She founded a shelter for LGBTQ+ youth after learning life can change in an instant

Sandra Whitley felt alone growing up, so she made it her mission to provide community for others. And even during the pandemic, she refuses to close the door.

By Solomon Wilson
Illustration by Emily Whang

Illustration by Emily Whang

From a young age, Sandra Whitley knew she would live a unique life. At first it looked like she might become an Olympian. 

“For some reason, I was born fast. I was in Junior Olympics and everybody thought I was going to the Olympics,” Whitley said. “Everything was looking good.” 

Then in an instant, things changed: Whitley was caught kissing girls.

“That didn’t go over too well,” she said. “The school district actually tried to get me kicked out of school indefinitely, and my parents ended up putting me in a mental institution.”

It was the mid-1970s. Whitley lived in the South and being gay was still essentially considered a disease.

“I can tell you that women were raped [in the institution]. If you did something wrong, you were put in a 2-by-4 padded cell,” she said.

Shortly after her time there and partly because of it, her family uprooted from rural West Texas to San Antonio. 

Whitley’s next hurdle was during college, when she officially came out to her parents.

“They disowned me, and we didn’t speak for 20 years,” Whitley said. “So I was very depressed, to be honest.”

She went looking for peace and began traveling the world. Along the way, she discovered her mission was to help young adults who also felt ostracized for being queer. 

“Then I started researching and found that in the United States, you know, there’s 1.6 million homeless youth,” Whitley said. “They say that 40 percent are LGBT, and in the South … probably about 50 percent are LGBT.”

It hit her hard that 40 years after she had been institutionalized, so little had changed and so little was being done to help. 

“If there’s such an epidemic of homeless youth and homeless LGBT youth, there must be a lot of shelters,” Whitley said. “There was zero in Texas.”

Sandra Whitley

Sandra Whitley, founder and executive director of Thrive Youth Center, stands in a hallway decorated with motivational messages and artwork at her San Antonio shelter for LGBTQ+  youth. (Photo by Solomon Wilson)

After a visit to New York City’s largest LGBTQ+ youth shelter, the Ali Forney Center, Whitley was determined and inspired to open her own shelter in San Antonio.

She volunteered for an outreach program and began to build connections with the unserved youth sleeping under bridges and highways throughout the city. 

“You know, I don’t think that they trusted me and I don’t blame them,” Whitley said. “I didn’t trust anybody, either.” 

She told about 10 individuals she was in the process of getting a place for them; she assured them she would be back.

When she returned, she found, “they all painted their nails the same color so I wouldn’t forget them,” Whitley said. “Like I was going to forget.”

Unoccupied resident rooms

Dec. 3, 2020: Unoccupied resident rooms, left bare for future residents to move-in and decorate, at Thrive Youth Center in San Antonio. (Photo by Solomon Wilson)

Her first plan fell through. But the trust the youth placed on her pushed Whitley to fulfill her promise: She would shelter these teens – whether in hotel rooms or a rental house; no one would be left behind. In 2015, Haven for Hope, Texas’ largest transition center, reached out to her and she was able to establish an official home for Thrive Youth Center.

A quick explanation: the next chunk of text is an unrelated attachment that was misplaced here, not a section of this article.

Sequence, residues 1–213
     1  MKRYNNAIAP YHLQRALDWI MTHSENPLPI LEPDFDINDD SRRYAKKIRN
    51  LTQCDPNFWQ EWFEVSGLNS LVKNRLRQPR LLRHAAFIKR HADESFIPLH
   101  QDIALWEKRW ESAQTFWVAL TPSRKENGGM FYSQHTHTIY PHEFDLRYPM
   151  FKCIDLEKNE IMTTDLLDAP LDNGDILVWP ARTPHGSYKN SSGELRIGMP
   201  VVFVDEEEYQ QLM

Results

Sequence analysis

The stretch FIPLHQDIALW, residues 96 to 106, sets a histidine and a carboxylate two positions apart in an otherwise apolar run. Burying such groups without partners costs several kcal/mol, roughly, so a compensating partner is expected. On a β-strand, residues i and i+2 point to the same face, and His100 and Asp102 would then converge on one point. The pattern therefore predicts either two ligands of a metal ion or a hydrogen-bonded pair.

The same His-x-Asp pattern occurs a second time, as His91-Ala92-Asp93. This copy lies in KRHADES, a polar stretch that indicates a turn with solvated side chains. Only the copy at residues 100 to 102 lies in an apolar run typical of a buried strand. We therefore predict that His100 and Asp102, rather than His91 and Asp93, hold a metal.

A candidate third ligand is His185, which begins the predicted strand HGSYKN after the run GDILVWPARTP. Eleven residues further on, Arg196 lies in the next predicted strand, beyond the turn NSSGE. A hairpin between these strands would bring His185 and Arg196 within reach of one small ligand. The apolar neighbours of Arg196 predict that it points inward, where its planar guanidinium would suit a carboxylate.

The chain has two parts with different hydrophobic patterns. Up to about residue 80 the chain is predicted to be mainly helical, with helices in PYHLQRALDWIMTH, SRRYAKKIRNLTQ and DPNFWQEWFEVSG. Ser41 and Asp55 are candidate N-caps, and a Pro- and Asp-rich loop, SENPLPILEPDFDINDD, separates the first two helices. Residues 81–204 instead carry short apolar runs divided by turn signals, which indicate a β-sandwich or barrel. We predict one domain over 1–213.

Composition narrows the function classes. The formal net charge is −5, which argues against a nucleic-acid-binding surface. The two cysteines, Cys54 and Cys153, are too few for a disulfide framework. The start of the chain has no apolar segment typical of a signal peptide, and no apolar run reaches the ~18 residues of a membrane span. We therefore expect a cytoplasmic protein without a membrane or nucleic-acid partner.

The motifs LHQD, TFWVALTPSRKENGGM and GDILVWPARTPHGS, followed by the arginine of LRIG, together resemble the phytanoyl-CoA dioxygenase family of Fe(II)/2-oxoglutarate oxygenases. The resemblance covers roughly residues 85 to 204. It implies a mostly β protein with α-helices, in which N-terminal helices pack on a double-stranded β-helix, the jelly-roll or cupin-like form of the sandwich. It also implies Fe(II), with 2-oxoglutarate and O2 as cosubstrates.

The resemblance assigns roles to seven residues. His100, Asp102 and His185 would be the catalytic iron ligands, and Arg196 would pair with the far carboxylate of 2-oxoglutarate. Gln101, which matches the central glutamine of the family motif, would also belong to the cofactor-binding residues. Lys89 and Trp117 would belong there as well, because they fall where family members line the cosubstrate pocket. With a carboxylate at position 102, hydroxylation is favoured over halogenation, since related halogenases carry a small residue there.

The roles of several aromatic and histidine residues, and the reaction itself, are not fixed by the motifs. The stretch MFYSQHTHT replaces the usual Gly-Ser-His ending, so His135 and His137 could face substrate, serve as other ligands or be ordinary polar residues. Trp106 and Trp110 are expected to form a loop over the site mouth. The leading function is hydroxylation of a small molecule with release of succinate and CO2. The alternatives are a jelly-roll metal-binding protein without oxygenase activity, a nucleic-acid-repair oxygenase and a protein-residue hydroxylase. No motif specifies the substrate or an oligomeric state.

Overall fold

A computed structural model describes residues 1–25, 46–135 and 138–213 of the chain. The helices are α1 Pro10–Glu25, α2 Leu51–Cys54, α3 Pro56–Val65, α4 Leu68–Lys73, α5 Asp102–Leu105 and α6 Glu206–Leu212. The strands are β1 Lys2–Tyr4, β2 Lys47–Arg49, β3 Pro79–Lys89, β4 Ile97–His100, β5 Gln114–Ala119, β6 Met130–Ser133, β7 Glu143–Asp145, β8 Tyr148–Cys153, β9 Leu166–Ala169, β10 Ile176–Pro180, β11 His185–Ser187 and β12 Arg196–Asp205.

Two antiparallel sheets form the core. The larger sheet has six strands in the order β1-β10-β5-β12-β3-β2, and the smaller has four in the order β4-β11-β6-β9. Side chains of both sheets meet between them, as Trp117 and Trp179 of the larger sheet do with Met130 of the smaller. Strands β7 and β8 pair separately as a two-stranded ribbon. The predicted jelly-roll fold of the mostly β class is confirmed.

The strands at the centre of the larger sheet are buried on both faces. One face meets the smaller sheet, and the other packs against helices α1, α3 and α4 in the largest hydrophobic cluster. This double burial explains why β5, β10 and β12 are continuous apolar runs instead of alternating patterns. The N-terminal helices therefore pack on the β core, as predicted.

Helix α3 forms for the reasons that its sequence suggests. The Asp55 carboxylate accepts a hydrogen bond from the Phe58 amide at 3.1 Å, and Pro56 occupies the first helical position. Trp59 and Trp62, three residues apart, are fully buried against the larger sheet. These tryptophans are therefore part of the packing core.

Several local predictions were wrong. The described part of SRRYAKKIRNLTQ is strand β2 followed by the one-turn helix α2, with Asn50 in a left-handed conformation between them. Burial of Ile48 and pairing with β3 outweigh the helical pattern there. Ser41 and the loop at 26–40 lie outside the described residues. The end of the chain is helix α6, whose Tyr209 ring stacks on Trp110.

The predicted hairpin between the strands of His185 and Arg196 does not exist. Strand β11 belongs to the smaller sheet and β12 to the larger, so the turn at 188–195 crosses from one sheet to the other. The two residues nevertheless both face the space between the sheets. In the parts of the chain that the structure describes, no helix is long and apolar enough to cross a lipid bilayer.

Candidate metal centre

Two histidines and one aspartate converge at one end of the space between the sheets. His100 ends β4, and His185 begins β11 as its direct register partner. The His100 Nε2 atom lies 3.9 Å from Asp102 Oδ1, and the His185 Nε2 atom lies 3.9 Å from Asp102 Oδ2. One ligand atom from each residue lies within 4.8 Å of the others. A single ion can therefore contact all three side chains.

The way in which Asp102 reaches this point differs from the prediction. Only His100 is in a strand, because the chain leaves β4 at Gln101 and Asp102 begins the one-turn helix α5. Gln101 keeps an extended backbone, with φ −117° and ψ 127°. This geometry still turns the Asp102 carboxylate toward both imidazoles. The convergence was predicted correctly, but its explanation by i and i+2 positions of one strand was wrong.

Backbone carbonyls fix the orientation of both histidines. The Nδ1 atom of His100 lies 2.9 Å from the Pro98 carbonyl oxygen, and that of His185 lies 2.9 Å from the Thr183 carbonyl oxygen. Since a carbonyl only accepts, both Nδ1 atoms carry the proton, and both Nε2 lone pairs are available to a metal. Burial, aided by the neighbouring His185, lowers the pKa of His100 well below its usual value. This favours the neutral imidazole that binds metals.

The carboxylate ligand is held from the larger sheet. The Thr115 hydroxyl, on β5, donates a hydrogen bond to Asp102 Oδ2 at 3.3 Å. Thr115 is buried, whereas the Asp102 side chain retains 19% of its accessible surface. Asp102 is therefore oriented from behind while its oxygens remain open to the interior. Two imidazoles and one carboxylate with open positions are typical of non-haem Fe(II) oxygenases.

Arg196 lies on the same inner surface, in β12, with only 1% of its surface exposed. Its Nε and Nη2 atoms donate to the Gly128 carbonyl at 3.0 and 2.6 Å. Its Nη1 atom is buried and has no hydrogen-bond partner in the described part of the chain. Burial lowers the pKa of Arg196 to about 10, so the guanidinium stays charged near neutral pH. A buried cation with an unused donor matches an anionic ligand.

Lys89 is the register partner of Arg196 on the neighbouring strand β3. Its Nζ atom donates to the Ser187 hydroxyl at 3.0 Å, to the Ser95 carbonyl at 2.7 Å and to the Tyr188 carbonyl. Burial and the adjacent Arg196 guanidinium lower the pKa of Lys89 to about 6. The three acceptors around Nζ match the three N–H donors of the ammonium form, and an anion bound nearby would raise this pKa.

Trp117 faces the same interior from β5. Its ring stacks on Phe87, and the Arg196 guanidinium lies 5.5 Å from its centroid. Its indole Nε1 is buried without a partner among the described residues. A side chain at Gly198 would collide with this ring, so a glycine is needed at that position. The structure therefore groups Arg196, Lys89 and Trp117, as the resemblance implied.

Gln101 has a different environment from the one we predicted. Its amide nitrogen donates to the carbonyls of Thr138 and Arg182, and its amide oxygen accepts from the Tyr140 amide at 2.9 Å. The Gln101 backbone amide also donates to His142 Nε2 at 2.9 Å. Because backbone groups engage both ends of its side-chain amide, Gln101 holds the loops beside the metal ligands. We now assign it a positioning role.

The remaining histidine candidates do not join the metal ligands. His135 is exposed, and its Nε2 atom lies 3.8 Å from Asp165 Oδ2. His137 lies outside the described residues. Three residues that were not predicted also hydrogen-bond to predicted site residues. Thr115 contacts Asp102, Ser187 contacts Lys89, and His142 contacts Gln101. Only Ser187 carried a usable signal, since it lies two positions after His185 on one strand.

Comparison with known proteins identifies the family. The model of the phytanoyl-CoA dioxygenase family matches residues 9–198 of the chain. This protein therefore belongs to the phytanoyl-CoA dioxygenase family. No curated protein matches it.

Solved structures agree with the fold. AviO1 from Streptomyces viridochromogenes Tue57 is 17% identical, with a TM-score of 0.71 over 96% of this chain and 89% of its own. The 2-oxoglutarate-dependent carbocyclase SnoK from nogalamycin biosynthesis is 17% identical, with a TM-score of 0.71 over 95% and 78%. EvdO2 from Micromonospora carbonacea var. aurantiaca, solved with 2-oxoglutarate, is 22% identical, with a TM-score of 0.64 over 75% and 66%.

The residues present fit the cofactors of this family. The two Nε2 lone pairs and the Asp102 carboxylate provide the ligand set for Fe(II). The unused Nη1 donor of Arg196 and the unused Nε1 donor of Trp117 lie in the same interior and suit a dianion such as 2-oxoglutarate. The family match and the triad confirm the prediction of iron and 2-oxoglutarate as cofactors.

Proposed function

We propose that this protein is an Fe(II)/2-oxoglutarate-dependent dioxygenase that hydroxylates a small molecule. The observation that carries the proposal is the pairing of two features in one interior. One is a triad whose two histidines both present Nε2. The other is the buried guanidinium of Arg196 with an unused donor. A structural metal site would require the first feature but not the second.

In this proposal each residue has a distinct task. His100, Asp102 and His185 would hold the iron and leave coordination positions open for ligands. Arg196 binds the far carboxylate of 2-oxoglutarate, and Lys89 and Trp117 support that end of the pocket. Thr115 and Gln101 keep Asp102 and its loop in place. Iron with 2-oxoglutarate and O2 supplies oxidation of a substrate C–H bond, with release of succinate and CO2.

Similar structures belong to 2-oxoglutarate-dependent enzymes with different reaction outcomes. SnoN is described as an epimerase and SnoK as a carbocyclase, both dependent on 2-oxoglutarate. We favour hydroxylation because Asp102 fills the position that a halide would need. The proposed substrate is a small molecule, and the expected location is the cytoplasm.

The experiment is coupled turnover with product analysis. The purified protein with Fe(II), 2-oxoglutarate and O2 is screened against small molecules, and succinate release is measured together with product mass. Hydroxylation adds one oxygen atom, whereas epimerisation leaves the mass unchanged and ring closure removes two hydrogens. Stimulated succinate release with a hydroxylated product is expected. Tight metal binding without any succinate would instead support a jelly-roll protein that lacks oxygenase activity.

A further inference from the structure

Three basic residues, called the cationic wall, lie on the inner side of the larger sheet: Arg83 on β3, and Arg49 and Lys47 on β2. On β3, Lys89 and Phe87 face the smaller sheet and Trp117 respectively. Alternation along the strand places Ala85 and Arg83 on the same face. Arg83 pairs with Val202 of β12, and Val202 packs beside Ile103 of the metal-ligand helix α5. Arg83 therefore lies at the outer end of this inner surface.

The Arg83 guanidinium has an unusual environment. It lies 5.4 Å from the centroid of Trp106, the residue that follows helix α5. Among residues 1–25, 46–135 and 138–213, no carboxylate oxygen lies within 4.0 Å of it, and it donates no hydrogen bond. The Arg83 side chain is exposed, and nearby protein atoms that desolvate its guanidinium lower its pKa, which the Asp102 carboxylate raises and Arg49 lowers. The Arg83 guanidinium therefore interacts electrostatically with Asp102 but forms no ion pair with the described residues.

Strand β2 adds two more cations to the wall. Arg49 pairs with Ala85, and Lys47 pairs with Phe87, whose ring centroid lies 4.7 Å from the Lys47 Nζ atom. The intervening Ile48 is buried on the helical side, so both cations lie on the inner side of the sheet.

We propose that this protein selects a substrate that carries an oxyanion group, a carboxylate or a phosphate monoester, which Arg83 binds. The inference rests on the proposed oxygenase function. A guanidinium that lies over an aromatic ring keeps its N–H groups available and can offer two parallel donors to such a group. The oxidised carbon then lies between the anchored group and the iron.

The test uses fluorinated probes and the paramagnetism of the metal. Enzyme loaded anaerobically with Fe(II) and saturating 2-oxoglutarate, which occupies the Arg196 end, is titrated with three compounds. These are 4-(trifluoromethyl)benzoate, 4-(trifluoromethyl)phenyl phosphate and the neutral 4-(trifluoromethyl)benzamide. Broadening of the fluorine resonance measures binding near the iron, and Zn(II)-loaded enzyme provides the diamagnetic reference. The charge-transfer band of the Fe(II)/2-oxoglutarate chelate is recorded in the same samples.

Housed in its own wing on the campus, Thrive provides youth 18-24 their own rooms, showers, counseling, medical care and transitional services.

 “I know how it feels to be absolutely alone. But whatever your dream is we will walk through it together and remove every single boundary that is in your way.”

Sandra Whitley

“I know how it feels to be absolutely alone,” Whitley tells the youth. “But whatever your dream is we will walk through it together and remove every single boundary that is in your way.”

Thrive has kept an open-door policy throughout the COVID-19 pandemic. Extra temperature checks, masks and testing have become the new normal, Whitley said. 

Welcome kits

Youth entering the shelter receive welcome kits that include protective face masks. (Photo by Solomon Wilson)

“What you do outside of here impacts us all,” she reminds the youth every day.

With federal pandemic relief money, Thrive has been able to provide homes outside the shelter for over 20 individuals, along with necessities like food, counseling and phones, so they can stay in contact from a safe distance.

While 2020 has thrown curveballs to so many, Whitley said the pandemic reminds her of the lesson she learned when she was 13.

“Thinking I’m going to the Olympics and, you know, the next minute, because I’m gay, I’m locked up in an institution,” Whitley said. “You know, life can change.”

“[The pandemic] has made all of us kind of take a step back and say, ‘Am I really doing what I really want to do? Is there something that I should be doing right now or that I’d love to do?’” she said.

With Thrive, Whitley’s doing exactly what she always dreamed of: helping LGBTQ+ youth.

“I’m here to tell you I give a shit, and you do not have to be alone,” she tells them.

Whitley said she now feels confident Thrive will be here in the future. She hopes to one day open a separate building that will allow youth to drop in, even if they don’t need help for an extended period of time.

The courtyard outside of Thrive Youth Center in San Antonio

The courtyard outside Thrive Youth Center is shared by residents of the youth shelter and members of the San Antonio community experiencing homelesness. (Photo by Solomon Wilson)